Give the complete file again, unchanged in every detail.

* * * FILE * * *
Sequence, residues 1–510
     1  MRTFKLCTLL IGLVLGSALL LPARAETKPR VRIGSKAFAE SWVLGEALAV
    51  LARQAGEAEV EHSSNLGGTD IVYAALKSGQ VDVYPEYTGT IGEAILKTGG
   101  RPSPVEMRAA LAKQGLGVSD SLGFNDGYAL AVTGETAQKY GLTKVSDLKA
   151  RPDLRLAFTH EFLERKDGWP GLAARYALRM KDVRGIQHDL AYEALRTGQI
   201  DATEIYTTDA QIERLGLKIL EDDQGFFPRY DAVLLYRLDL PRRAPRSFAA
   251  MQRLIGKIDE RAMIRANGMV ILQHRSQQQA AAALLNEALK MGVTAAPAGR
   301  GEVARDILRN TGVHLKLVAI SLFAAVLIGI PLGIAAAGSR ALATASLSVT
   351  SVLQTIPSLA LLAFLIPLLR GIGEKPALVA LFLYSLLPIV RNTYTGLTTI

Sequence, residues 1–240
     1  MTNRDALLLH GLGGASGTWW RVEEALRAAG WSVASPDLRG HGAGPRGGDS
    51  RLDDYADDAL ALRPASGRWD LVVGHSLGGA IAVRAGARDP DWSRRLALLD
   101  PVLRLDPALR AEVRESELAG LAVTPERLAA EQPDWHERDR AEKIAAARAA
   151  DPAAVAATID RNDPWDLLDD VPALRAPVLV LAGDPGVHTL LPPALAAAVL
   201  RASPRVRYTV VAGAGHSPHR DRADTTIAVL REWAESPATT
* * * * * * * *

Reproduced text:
Sequence, residues 1–510
     1  MRTFKLCTLL IGLVLGSALL LPARAETKPR VRIGSKAFAE SWVLGEALAV
    51  LARQAGEAEV EHSSNLGGTD IVYAALKSGQ VDVYPEYTGT IGEAILKTGG
   101  RPSPVEMRAA LAKQGLGVSD SLGFNDGYAL AVTGETAQKY GLTKVSDLKA
   151  RPDLRLAFTH EFLERKDGWP GLAARYALRM KDVRGIQHDL AYEALRTGQI
   201  DATEIYTTDA QIERLGLKIL EDDQGFFPRY DAVLLYRLDL PRRAPRSFAA
   251  MQRLIGKIDE RAMIRANGMV ILQHRSQQQA AAALLNEALK MGVTAAPAGR
   301  GEVARDILRN TGVHLKLVAI SLFAAVLIGI PLGIAAAGSR ALATASLSVT
   351  SVLQTIPSLA LLAFLIPLLR GIGEKPALVA LFLYSLLPIV RNTYTGLTTI

Sequence, residues 1–240
     1  MTNRDALLLH GLGGASGTWW RVEEALRAAG WSVASPDLRG HGAGPRGGDS
    51  RLDDYADDAL ALRPASGRWD LVVGHSLGGA IAVRAGARDP DWSRRLALLD
   101  PVLRLDPALR AEVRESELAG LAVTPERLAA EQPDWHERDR AEKIAAARAA
   151  DPAAVAATID RNDPWDLLDD VPALRAPVLV LAGDPGVHTL LPPALAAAVL
   201  RASPRVRYTV VAGAGHSPHR DRADTTIAVL REWAESPATT